Monk

A markdownish markup language for generating HTML.

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Monk is a lightweight, markdownish markup language for generating HTML. It's implemented in Python and can be used as both a command line utility and a Python library.

When used on the command line Monk reads from stdin and prints to stdout:

$ monk < input.txt > output.html

To use Monk as a Python library call its render() function with a string of input:

>>> import monk
>>> html = monk.render(text)

Overview

Monk shares much of its basic syntax with Markdown:

This paragraph contains *italic* and **bold** text.
It also contains a `code sample` in backticks.

This paragraph contains a [link](http://example.com).

Monk differs from Markdown in supporting an extensible, indentation-based syntax for generating arbitrary HTML:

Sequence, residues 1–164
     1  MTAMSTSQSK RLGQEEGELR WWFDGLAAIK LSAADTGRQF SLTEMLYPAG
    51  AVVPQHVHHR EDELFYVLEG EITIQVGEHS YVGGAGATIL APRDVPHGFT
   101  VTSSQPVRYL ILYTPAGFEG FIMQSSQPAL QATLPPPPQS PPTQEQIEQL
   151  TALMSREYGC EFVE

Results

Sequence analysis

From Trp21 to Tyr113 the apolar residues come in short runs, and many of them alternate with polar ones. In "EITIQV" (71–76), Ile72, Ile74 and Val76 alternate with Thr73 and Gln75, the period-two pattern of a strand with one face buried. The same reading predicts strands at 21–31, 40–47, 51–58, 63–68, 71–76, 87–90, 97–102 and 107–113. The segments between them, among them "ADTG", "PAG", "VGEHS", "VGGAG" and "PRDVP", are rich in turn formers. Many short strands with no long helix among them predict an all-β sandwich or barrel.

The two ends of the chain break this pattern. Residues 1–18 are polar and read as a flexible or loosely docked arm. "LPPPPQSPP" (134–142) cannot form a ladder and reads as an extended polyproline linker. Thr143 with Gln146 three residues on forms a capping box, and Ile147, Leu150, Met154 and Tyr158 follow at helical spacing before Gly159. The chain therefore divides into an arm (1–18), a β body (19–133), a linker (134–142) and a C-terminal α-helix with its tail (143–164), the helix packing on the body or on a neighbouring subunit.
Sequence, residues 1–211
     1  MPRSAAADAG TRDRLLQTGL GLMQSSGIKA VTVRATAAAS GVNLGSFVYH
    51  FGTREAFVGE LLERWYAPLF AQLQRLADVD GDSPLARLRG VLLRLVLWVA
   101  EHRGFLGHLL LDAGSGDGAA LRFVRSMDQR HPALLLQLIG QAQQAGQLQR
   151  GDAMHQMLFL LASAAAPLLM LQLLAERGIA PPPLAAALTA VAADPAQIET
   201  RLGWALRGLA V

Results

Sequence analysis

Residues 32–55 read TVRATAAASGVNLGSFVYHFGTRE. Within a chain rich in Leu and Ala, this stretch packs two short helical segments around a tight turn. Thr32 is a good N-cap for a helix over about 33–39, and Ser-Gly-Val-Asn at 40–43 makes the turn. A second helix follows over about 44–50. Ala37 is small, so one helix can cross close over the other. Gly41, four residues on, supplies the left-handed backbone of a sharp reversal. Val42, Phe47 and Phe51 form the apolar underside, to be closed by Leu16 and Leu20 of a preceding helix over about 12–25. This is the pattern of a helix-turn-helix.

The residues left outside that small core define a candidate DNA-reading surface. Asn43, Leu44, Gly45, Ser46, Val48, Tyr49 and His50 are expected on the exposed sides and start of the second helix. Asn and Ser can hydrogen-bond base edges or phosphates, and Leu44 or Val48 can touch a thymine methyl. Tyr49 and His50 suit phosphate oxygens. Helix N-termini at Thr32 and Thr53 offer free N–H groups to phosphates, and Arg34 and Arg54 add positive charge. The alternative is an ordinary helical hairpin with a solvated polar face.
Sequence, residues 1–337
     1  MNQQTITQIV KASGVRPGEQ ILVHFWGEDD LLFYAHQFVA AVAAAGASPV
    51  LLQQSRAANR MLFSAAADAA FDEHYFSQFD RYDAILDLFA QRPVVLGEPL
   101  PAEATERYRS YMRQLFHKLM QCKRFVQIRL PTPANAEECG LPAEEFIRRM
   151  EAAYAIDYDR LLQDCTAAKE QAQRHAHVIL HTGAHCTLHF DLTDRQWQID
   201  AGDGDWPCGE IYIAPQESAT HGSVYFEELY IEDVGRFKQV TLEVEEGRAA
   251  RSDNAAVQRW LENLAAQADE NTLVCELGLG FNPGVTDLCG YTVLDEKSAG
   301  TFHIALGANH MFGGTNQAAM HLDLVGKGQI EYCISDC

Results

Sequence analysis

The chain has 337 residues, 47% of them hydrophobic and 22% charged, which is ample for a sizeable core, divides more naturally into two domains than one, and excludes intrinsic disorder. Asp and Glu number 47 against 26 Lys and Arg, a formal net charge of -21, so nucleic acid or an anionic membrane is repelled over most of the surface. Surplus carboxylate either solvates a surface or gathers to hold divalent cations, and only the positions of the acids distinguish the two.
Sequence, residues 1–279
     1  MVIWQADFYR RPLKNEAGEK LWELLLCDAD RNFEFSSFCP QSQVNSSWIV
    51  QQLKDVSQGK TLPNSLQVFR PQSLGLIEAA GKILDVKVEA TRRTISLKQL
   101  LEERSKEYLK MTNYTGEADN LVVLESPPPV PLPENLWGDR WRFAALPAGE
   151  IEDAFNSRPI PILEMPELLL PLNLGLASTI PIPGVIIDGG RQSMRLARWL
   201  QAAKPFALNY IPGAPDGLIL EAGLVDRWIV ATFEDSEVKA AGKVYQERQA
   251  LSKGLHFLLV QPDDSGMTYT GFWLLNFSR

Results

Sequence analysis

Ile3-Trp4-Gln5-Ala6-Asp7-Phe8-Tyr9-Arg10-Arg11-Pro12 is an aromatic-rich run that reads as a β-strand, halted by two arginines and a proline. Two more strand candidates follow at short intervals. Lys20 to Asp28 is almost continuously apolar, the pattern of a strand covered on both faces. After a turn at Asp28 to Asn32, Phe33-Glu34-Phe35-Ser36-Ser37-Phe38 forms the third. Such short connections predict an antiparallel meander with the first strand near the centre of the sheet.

:div .outer
    :div .inner
        This is a paragraph.

Monk also includes out-of-the-box support for tables, tables-of-contents, definition lists, syntax highlighting, and footnotes.

Installation

Install directly from the Python Package Index using pip:

$ pip install libmonk

Monk requires Python 3.4 or later.

Command Line Interface

Use the monk --help flag to view the utility's command line help:

Usage: monk [FLAGS]

  Renders input text in Monk format into HTML. Reads
  from stdin and prints to stdout.

  Example:

      $ monk < input.txt > output.html

Flags:
  -d, --debug       Run in debug mode.
  -h, --help        Print the application's help text.
  -p, --pygmentize  Add syntax highlighting to code.
  -v, --version     Print the application's version.

Monk can use the Pygments package to add syntax highlighting to code blocks; this feature can be enabled via the --pygmentize flag. (Pygments is installed automatically when you install Monk using pip).

Only code blocks with a language attribute will have syntax highlighting applied.

License

This work has been placed in the public domain.